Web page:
Late afternoon. The sun beginning to descend and properly fortified by the gifted cooks at Club Mavi, it was time to move. Bicycling to the station midpoint of the Island, I locked up my rental bought myself a couple of cold bottles of water and proceeded to climb the hill on foot. Though some people ignore the postings, you can take your feet or hire a donkey to take you to Aya Yorgi (Saint George). This is where it gets a bit touristy again, but to be honest, the ascent is well worth it, whether you want to send a request to the director of the universe, or simply take in another impressive, but perfectly secular, view.
After visiting the church it was time for a refreshment with a bit more of an edge to it than that provided by spring water. I opted for a cold white, which wasn’t amazing, but sufficient for toasting the view. This is my favorite spot for an evening drink. Looking to the west and the falling sun, the Marmara seems to dissolve into a horizon worthy of eternal paradise. You can see why the Byzantines placed a church at the crest of this hill. It’s a heavenly location. I’d love show you more of the church interior, but photography is prohibited, like shorts and short skirts, cell phones and other loud noise. You’ll just have to go quietly and see it for yourself. The church is site where prayers are supposed to be answered, provided you climb the hill in silent contemplation, so if you believe in that sort of thing, remember to obey the rules, lest your wishes be denied —not that I’m superstitious or anything. Though the church was busy with the hopeful, there were plenty of free tables at the cafe.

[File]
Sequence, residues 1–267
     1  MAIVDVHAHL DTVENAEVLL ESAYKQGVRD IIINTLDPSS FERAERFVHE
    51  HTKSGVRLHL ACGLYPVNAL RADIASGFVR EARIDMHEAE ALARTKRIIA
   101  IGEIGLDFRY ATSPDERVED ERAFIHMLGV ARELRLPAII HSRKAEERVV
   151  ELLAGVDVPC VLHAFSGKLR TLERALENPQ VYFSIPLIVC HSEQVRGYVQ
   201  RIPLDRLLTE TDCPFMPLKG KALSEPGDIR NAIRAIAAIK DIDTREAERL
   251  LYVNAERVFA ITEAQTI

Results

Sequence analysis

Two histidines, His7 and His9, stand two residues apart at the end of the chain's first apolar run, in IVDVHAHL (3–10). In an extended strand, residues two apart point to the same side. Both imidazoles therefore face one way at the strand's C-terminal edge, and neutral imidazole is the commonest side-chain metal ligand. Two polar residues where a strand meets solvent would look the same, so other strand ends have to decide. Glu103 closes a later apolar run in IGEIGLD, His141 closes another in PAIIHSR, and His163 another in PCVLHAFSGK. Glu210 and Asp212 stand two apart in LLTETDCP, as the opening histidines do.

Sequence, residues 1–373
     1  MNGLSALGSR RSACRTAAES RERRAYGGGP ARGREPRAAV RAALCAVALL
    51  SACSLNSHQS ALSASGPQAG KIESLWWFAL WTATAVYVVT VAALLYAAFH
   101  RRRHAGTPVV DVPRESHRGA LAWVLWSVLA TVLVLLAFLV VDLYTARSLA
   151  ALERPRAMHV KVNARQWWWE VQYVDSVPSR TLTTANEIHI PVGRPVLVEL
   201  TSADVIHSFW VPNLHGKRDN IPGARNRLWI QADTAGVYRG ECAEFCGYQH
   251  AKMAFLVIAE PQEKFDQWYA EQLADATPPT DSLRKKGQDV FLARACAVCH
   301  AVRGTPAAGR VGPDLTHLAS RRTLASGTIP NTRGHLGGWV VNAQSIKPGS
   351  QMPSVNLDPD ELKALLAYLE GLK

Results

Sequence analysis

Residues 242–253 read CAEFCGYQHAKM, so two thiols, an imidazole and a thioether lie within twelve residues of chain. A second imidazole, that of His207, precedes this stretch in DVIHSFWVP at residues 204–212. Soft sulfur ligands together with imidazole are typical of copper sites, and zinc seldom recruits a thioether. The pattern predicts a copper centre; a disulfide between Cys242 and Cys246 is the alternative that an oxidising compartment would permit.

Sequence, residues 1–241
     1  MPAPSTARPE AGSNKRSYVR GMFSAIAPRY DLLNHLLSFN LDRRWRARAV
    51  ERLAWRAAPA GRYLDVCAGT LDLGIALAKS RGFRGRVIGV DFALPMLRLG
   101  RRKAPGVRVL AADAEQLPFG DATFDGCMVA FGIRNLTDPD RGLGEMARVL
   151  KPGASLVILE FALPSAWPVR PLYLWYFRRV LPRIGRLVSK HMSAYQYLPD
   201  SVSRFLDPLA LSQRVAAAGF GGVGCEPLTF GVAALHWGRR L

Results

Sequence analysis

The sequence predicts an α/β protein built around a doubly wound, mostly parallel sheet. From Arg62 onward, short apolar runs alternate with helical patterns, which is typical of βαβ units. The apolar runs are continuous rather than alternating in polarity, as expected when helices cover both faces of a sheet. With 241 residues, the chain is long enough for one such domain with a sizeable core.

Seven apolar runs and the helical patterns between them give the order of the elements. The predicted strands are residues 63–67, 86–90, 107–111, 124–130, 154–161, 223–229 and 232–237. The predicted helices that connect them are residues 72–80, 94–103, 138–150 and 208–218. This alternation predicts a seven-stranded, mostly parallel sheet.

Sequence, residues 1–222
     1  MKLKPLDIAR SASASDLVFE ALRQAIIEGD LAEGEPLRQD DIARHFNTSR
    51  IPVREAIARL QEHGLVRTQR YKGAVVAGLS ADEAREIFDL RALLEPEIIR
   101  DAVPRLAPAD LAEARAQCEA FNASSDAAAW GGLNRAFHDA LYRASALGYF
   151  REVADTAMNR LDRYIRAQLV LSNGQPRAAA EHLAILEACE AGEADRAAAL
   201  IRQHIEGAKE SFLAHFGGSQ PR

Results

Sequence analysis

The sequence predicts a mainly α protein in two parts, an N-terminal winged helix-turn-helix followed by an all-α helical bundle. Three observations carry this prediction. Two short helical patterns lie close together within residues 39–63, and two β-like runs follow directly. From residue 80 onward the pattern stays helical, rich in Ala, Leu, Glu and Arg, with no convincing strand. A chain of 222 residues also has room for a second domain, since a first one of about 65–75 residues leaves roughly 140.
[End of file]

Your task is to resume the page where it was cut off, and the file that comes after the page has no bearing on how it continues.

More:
After a glass or two, it was time to descend the hill and reclaim my bike before the heat and the drink made be too wobbly to stay in the saddle and return the rental. Fortunately the way back to the port and the rental shop was mostly downhill, so it wasn’t much of a slog, though I did pause now and then to admire some of the houses again. I was pleasantly surprised to find the area around the iskele (port) pretty empty. Most of the day-trippers had headed home for a Thursday evening somewhere else.
The iskele building is a fantastic looking place. It’s a shame they couldn’t license the cafe part to someone with slightly more imagination, or if not, at least a meyhane. This would be a prime location for evening dinners looking back at the distant city. Regardless, it’s not for me to get involved in municipal politics.
Still, when it came time for the evening meal, there was no lack of choice. Each of the seaside meyhanes I passed had no more than a few full tables. There were plenty of offers of ‘fresh fish, yes, please?’ But I wanted sardalya (sardines) hot off the grill though, and thought I might be out of luck until I reached the very last meyhane at the end of the long row of restaurants that had some in fresh from Gallipoli.
This time of year my favorite way to start a meal in a meyhane is with the holy trinity of Turkish tastes—white cheese, melon and rakı. The combination of the three flavors is both exquisite and terrifically cooling. The good thing for me about rakı is that I’ve also developed the knowledge to stop at one. Beer or wine are too easy to quaff in the summer heat. Rakı requires more respect. perhaps that’s why the Turk called it lion’s milk.
Pleasantly sated, but not sozzled, it was time to return to the ferry port and catch a vapur back to Kabataş. My day on the island was complete, and while I’d had my fill of great food and drink, I certainly haven’t had my fill of Istanbul’s closest place to paradise. I’ll be back soon, camera-in-hand, to explore deeper.
This post was preceded by Büyükada Day